A pack of wolves is always stronger than the lone wolf. Even if you love to be alone, I highly encourage you to venture out of your comfort zone and find running buddies. Running partners can improve the overall running experience by enhancing runs socially, adding accountability, and challenging us.
I’ll be real. I come across as a social person, but I am a borderline introvert. I do not see friends on a regular basis. Side-by-side is my favorite social time.
I have made some of my deepest and lasting friendships with running buddies.
I have mentioned and will continue to be mentioning running partners in articles because it is a staple in my running. It brings me so much joy to have running mean more than the exercise, and friendship is one of the takeaways I hold most dear.
Finding a Running Buddy
Small talk with your neighbors.
It’s amazing how many potential running partners may be in your own backyard.
A local running store.
Many local running stores also have running groups.
Any other group situation you are part of: Gyms, educational or professional environments, community service activities, exercise classes, church, and the list goes on.
I’ve met running partners in the most random places. Step outside your comfort zone and chat!
At road races. You know they are all runners, so talk to people who finish around you.
One of my closest running buddies I met at a race. She had a jogger and I had a jogger. The rest is history.
Friends of friends. Grow your circles by meeting your friends’ other running buddies.
Don’t be afraid to grow the group (with others’ permission).
There are people we already know who could be a running partner too, like FAMILY! How about friends who we’ve never run with? Let’s pick up the phone and be intentional.
Many people have expressed with me a concern about being intimidated by those who run a faster pace. Put it out there. If you make it a casual invitation, there will be no hurt feelings and weirdness. Also, running a variety of paces during a given week is beneficial, so don’t assume someone who usually finishes ahead or behind you wouldn’t be a great training partner. I suggest having running partners who run both faster and slower mileage pace than you to round out your training.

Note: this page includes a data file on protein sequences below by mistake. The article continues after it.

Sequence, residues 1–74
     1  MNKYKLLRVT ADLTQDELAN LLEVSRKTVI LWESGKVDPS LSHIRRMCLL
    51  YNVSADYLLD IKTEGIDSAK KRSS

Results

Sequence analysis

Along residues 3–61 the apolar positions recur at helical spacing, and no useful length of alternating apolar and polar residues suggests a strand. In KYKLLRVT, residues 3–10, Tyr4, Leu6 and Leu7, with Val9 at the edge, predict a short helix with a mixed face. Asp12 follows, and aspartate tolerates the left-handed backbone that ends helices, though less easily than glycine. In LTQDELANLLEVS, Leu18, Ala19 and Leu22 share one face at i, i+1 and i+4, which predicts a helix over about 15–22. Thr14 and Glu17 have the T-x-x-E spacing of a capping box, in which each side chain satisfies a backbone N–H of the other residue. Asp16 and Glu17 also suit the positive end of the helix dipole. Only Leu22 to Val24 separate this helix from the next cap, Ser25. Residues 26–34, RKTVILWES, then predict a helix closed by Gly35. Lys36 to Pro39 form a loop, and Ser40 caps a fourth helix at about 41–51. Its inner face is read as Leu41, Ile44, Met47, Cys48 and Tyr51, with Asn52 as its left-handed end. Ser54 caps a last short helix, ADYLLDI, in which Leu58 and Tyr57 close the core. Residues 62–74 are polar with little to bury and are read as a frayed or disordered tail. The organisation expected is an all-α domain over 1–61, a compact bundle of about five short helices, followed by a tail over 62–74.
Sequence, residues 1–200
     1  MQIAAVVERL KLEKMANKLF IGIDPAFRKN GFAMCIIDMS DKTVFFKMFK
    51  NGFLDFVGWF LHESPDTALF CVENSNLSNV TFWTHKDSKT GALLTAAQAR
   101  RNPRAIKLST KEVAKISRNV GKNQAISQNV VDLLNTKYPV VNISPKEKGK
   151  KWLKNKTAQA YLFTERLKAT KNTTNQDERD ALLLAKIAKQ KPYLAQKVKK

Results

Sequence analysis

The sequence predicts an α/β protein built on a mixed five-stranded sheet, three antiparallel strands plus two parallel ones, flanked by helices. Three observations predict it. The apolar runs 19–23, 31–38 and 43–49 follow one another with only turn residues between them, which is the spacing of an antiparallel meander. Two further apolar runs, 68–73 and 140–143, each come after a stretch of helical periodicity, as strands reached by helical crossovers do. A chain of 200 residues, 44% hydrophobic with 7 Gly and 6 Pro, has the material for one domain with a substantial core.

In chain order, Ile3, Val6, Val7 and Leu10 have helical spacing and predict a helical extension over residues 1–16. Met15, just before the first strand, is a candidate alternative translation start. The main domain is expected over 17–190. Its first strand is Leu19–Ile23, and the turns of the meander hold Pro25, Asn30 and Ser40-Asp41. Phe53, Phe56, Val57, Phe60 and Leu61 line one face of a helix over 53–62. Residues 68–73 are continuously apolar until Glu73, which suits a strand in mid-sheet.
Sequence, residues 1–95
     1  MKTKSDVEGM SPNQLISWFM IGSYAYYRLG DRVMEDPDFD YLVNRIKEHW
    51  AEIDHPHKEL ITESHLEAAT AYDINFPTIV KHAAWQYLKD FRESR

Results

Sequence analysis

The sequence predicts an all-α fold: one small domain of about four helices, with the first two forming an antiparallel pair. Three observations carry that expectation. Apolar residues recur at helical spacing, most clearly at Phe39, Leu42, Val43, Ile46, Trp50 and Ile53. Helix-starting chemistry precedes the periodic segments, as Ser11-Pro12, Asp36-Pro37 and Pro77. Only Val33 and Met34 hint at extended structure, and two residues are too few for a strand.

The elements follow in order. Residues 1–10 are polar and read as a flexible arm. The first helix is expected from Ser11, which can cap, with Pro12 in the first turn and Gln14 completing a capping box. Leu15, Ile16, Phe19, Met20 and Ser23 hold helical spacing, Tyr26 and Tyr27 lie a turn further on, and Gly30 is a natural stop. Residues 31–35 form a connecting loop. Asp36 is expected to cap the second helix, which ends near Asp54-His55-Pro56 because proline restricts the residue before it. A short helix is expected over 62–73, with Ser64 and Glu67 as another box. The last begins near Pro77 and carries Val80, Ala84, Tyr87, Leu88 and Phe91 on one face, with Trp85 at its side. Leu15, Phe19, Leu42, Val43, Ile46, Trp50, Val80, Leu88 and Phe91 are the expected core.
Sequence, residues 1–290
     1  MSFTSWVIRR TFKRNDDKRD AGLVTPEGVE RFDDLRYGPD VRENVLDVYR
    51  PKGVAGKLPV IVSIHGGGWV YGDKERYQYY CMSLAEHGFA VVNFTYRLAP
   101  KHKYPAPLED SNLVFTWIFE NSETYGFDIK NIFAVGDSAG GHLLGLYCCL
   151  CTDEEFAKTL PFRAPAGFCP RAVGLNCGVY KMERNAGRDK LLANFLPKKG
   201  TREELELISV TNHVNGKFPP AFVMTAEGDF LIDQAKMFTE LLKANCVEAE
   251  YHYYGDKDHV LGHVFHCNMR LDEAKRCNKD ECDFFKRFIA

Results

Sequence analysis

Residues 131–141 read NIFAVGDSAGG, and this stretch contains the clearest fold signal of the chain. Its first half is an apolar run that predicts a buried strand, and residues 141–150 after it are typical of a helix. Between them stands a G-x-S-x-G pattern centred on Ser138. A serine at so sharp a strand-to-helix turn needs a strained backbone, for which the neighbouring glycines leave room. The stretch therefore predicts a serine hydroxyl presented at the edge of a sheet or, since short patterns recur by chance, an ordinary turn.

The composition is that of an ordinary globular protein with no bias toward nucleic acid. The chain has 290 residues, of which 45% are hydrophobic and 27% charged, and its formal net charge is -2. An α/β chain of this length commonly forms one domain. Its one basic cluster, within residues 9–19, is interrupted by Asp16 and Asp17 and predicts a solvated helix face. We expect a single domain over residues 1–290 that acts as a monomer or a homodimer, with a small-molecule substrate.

If a pace is too fast for you, vocalize it.
This can be uncomfortable to do, but will help with the long term success of your time together.
Discuss days, times, and places to meet.
Clarity is key.
Don’t rush the pace because you are excited to run with a new person.
It’s not a race.
Get to know your new training partner. This is a budding friendship and should be grown.
My running partners have become my closest friends.
One-stepping your training partner will turn your run into a race, so be careful to run side-by-side and not in front of your new training buddy.
They will be afraid to run with you if they feel they aren’t fast enough to run with you side by side.
If a car is coming on the road or there is traffic coming on the trail, go single file.
Runners’ safety 101.
I recommend planning only one run at a time your first few meetings.
This allows for one or the other to back out if it doesn’t work out. There is more pressure if you decide every Monday at 5pm for eternity. Ha!
(I have not done all of the above perfectly. That is why I am posting from my experience!) We talk a lot about community at AtoZrunning. Here are a list of West Michigan Running Groups and also a podcast episode about thriving in the running community.
Live life. Run.